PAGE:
Tradition & Community at the Heart of Tupira Surf Club

26th July 2018

Around 180km from the township of Madang in Papua New Guinea, Ulingan Bay features some of the most consistent surfing swell in the country.

It’s also home to the province’s only surf club – a place where the needs of the community and the rediscovered local culture of surfing truly meet.

Here’s an insight into Tupira Surf Club, and the story of how one man’s vision is transforming a small community in PNG.
Tupira Surf Club

Photo via Karry On

Established in 2008, Tupira Surf Club sits overlooking the majestic ocean of Ulingan Bay. Three hours’ drive from Madang airport, it is a place created not just to accommodate world-class surfers seeking out the perfect break, but also to sustain the local community.
Tupira is a collective enterprise and community development initiative that is owned and operated by local villagers and is now gaining the attention of local and international surfers alike.

The Man Behind It
The concept of a community-minded surf club was first devised by the township’s local law enforcer Justice Nicholas Kirriwom.
World Surfaris explains the surf club grew from Nicholas’ desire to help his village and the surrounding communities with a sustainable, income-producing initiative.
He provided the seed money and also met the shortfall in running costs during the club’s formative years.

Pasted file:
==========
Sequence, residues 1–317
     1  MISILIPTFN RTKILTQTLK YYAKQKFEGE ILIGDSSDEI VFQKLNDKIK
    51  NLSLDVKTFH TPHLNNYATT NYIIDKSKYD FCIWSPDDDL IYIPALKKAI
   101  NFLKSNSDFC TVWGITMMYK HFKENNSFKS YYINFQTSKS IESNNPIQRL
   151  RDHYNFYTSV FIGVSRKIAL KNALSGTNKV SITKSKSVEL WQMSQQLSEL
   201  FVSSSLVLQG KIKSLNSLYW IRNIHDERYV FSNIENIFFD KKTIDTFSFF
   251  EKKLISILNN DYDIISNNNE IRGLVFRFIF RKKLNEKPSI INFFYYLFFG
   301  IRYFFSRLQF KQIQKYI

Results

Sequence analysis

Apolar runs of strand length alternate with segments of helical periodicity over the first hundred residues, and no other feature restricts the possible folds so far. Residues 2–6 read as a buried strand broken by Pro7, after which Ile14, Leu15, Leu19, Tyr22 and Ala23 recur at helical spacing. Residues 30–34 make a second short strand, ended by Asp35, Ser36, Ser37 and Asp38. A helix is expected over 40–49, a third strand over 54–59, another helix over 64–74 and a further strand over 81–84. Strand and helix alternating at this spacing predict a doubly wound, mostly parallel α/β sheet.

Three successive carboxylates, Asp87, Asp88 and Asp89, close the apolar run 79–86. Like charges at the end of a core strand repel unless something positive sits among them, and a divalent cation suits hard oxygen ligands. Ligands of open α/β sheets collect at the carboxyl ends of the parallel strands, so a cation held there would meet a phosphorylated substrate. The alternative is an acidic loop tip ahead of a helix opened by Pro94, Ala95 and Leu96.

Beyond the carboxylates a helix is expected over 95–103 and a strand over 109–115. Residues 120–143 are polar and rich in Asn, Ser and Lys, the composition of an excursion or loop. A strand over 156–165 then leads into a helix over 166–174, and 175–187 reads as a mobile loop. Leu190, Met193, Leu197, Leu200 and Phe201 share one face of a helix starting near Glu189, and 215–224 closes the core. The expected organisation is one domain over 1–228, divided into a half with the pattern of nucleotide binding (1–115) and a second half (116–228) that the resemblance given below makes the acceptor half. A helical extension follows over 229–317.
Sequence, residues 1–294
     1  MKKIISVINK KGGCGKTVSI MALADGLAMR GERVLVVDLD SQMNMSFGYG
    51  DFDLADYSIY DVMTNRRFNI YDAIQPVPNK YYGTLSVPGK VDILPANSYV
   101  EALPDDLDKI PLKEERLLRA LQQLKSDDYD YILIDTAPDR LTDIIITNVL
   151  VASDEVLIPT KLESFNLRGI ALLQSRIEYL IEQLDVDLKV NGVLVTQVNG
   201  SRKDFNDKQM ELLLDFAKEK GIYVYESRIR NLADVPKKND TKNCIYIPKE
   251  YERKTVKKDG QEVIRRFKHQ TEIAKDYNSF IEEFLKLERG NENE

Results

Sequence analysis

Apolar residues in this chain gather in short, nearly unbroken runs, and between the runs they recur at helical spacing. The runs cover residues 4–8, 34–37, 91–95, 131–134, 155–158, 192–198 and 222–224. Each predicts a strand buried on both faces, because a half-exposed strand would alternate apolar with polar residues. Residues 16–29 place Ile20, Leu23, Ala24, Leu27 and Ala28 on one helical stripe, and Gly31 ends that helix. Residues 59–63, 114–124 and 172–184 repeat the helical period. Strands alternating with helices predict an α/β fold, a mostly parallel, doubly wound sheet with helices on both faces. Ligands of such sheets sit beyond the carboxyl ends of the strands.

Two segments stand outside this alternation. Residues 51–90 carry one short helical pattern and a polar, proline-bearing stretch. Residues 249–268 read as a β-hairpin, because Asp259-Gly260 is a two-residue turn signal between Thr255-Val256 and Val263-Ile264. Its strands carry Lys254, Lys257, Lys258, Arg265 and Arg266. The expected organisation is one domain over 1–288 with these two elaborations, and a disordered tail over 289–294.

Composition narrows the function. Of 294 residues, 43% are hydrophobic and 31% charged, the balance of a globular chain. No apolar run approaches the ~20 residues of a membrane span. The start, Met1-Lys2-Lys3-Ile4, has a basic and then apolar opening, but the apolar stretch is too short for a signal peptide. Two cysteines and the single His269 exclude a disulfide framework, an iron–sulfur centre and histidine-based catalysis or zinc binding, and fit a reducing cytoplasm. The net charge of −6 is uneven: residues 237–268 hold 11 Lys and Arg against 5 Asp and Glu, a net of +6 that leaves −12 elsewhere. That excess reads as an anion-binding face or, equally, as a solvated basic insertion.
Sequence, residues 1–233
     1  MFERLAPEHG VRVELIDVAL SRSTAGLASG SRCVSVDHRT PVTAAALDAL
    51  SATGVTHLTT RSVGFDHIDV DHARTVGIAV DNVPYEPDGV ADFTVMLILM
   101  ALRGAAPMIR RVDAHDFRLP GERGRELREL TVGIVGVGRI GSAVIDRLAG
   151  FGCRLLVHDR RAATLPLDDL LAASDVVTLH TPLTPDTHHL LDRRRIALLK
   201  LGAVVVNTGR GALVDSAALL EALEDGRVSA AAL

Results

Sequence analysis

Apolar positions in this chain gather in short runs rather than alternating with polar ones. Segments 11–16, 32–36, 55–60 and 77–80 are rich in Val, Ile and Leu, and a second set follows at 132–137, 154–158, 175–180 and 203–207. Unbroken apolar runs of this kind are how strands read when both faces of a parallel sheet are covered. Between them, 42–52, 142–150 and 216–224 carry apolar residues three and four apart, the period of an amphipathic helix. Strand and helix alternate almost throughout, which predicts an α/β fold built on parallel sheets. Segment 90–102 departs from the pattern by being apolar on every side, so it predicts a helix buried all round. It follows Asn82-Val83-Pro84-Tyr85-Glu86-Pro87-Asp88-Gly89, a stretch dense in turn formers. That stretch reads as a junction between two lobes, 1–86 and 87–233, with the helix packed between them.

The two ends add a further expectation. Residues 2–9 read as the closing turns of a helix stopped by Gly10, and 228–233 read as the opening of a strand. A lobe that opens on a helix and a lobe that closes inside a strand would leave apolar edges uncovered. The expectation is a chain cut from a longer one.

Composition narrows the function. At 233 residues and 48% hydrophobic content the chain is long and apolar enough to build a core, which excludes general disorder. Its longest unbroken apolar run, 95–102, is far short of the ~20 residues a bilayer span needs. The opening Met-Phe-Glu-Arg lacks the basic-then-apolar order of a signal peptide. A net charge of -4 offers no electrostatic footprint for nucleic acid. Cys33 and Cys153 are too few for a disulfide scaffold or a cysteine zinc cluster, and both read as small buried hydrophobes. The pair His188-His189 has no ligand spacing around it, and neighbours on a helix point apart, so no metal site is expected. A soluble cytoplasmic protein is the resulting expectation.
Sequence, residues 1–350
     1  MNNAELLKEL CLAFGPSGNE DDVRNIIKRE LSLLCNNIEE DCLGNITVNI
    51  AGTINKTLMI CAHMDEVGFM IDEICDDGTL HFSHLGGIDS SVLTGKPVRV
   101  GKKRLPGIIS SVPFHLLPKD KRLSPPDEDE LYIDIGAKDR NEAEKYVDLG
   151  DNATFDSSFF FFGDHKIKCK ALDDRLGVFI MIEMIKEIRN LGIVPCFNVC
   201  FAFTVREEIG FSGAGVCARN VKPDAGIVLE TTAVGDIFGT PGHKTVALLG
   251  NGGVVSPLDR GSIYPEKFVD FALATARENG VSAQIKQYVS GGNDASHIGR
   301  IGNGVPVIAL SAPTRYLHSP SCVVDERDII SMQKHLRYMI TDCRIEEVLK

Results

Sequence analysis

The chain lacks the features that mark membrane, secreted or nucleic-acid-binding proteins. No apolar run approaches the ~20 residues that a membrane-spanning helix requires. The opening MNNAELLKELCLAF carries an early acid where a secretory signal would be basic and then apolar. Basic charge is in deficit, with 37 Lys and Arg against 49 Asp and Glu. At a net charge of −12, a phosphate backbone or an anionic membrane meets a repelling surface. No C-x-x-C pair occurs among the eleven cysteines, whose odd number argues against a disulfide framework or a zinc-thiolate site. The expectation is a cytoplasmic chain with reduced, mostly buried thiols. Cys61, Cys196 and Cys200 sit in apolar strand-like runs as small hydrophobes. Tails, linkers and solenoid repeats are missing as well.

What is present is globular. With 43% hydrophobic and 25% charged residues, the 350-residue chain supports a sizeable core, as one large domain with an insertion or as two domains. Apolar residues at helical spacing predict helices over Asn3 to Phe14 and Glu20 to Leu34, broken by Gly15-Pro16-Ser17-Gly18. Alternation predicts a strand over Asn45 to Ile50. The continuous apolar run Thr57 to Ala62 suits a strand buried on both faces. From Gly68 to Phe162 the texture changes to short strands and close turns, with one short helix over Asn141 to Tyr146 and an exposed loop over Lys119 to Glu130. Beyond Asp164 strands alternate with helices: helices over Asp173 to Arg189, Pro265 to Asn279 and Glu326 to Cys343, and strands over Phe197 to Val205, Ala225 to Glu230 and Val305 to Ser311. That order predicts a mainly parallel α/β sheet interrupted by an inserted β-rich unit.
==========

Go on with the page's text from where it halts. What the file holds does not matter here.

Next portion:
Photo via Pinterest

Coming of Age
Only nine years after its establishment, Tupira Surf Club truly came of age in 2017 when it hosted the World Surf League Longboard event. The competition saw 54 male and female competitors travel to Tupira, with many enjoying their first ever surfing experience in PNG.
Now the destination has also been tentatively flagged as the site for the Kumul PNG World Longboard Championships in late October this year.

Reclaiming Surfing Culture
In addition to establishing itself as a surfing destination, Tupira is also reclaiming some of the ancient surfing culture of PNG.
The ABC explains that in 2015, local villagers were offered workshops in the art of crafting Hawaiian-style longboards out of local balsa trees.
Andrew Abel, who founded the PNG Surfing Association 28 years ago, told the ABC the workshop was a reminder that surfing in PNG dates back hundreds of years.
He visited many communities where village elders shared oral history of how young children had boards crudely carved out of ‘splinters’ from broken canoes and felled trees.
“So, what we’ve essentially done is taken those ancient belly boarding skills and enhanced them with the modern surfboards of today,” Mr Abel said.
“They’re very difficult to ride but a lot of the lightweight kids had no trouble whatsoever in hopping onboard and ripping those waves up in Tupira.
Mr Abel said he hoped the surfboard shaping training would be the catalyst for a new era in PNG surfing.
“It enables them [local surfers] to capitalise on the balsa wood timber that’s in abundance in the jungles of Papua New Guinea … that they can use to surf but also sell to tourists and raise money for their respective families.”

About Paga Hill Estate
Paga Hill Estate is a world-class, master-planned estate in the heart of Port Moresby, Papua New Guinea. The waterfront site is the first comprehensively planned multi-use development in Papua New Guinea to be enjoyed by both residents and visitors alike.

The all-inclusive development will include vibrant public spaces and waterfront promenade, luxury hotels, residential apartments, restaurants, retail, commercial space, a Trade, Exhibition & Cultural Centre, restoration of WWII relics, marina precinct and a nearby international cruise liner terminal.

By |2019-02-28T13:59:57+10:00July 26th, 2018|Blog|